The basic units of OKD applications are called containers. Linux container technologies are lightweight mechanisms for isolating running processes so that they are limited to interacting with only their designated resources.

Many application instances can be running in containers on a single host without visibility into each others' processes, files, network, and so on. Typically, each container provides a single service (often called a "micro-service"), such as a web server or a database, though containers can be used for arbitrary workloads.

The Linux kernel has been incorporating capabilities for container technologies for years. OKD and Kubernetes add the ability to orchestrate containers across multi-host installations.

About containers and RHEL kernel memory

Due to Red Hat Enterprise Linux (RHEL) behavior, a container on a node with high CPU usage might seem to consume more memory than expected. The higher memory consumption could be caused by the kmem_cache in the RHEL kernel. The RHEL kernel creates a kmem_cache for each cgroup. For added performance, the kmem_cache contains a cpu_cache, and a node cache for any NUMA nodes. These caches all consume kernel memory.

The amount of memory stored in those caches is proportional to the number of CPUs that the system uses. As a result, a higher number of CPUs results in a greater amount of kernel memory being held in these caches. Higher amounts of kernel memory in these caches can cause OKD containers to exceed the configured memory limits, resulting in the container being killed.

To avoid losing containers due to kernel memory issues, ensure that the containers request sufficient memory. You can use the following formula to estimate the amount of memory consumed by the kmem_cache, where nproc is the number of processing units available that are reported by the nproc command. The lower limit of container requests should be this value plus the container memory requirements:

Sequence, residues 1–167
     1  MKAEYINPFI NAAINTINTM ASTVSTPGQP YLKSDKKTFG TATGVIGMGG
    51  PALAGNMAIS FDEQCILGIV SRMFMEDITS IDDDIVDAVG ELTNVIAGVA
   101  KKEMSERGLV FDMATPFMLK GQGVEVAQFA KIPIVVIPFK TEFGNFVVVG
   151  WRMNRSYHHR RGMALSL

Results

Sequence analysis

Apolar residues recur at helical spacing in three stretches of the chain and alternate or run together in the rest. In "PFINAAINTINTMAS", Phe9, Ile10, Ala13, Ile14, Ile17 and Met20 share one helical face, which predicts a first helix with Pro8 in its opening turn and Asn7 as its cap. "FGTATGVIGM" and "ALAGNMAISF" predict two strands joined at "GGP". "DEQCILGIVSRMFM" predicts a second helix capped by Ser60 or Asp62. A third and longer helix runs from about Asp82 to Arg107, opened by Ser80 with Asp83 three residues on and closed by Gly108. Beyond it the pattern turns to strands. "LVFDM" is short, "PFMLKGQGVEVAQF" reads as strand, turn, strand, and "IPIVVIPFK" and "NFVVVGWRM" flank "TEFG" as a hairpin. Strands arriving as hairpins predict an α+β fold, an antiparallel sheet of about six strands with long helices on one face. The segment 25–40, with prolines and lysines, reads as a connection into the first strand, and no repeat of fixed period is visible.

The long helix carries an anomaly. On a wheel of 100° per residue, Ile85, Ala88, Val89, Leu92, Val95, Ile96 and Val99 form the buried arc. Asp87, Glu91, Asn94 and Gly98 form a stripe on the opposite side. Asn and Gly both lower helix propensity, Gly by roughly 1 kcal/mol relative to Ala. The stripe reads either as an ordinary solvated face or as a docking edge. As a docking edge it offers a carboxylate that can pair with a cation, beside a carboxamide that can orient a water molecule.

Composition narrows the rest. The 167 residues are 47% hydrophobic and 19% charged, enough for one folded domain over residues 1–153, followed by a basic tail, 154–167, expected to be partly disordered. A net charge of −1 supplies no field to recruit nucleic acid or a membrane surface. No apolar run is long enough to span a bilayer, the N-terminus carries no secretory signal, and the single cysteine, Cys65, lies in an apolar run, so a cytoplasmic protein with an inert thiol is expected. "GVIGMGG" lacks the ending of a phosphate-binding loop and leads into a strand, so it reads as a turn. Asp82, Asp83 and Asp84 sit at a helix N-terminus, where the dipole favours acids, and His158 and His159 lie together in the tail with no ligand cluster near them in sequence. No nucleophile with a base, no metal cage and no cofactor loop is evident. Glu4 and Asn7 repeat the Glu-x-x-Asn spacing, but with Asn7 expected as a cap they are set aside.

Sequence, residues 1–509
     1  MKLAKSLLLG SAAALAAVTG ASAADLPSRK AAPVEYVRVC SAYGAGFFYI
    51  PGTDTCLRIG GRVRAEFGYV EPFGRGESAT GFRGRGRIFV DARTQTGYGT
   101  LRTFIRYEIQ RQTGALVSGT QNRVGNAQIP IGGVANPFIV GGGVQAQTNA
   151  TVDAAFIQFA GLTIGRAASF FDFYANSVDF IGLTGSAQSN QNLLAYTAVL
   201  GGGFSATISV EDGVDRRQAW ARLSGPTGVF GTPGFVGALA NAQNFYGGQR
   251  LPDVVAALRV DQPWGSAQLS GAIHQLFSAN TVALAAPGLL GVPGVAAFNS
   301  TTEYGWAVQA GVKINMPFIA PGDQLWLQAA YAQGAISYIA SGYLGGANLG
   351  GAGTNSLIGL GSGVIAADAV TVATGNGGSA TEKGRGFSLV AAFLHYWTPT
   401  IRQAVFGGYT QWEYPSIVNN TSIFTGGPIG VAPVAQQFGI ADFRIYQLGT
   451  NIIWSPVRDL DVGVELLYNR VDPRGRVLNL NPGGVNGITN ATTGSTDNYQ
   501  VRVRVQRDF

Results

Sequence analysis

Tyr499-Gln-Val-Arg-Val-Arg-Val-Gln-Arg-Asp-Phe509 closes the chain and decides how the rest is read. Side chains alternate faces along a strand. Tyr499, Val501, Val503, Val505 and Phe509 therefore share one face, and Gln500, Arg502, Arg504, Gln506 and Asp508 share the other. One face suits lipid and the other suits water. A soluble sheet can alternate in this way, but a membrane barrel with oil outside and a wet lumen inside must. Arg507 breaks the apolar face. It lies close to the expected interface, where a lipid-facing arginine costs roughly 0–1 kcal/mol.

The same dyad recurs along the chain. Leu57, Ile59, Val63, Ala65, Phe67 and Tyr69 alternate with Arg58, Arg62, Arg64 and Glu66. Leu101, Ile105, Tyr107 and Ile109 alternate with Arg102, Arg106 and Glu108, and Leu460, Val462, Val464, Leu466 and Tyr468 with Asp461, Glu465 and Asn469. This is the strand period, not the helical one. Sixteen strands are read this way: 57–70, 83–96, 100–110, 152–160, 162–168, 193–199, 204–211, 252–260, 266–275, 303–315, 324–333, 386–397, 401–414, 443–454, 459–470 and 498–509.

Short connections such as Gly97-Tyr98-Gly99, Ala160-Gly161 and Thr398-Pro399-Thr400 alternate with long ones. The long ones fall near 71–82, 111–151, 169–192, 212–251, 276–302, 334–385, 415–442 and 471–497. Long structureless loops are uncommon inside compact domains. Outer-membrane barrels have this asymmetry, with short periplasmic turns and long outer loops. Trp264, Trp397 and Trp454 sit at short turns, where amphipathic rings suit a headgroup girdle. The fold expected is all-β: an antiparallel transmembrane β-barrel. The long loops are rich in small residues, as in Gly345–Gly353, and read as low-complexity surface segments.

$(nproc) X 1/2 MiB

About the container engine and container runtime

A container engine is a piece of software that processes user requests, including command line options and image pulls. The container engine uses a container runtime, also called a lower-level container runtime, to run and manage the components required to deploy and operate containers. You likely will not need to interact with the container engine or container runtime.

The OKD documentation uses the term container runtime to refer to the lower-level container runtime. Other documentation can refer to the container engine as the container runtime.

OKD uses CRI-O as the container engine and runC or crun as the container runtime. The default container runtime is runC. Both container runtimes adhere to the Open Container Initiative (OCI) runtime specifications.

CRI-O is a Kubernetes-native container engine implementation that integrates closely with the operating system to deliver an efficient and optimized Kubernetes experience. The CRI-O container engine runs as a systemd service on each OKD cluster node.

runC, developed by Docker and maintained by the Open Container Project, is a lightweight, portable container runtime written in Go. crun, developed by Red Hat, is a fast and low-memory container runtime fully written in C. As of OKD 4.13, you can select between the two.

crun has several improvements over runC, including:

  • Smaller binary

  • Quicker processing

  • Lower memory footprint

runC has some benefits over crun, including:

  • Most popular OCI container runtime.

  • Longer tenure in production.

  • Default container runtime of CRI-O.

You can move between the two container runtimes as needed.

For information on setting which container runtime to use, see Creating a ContainerRuntimeConfig CR to edit CRI-O parameters.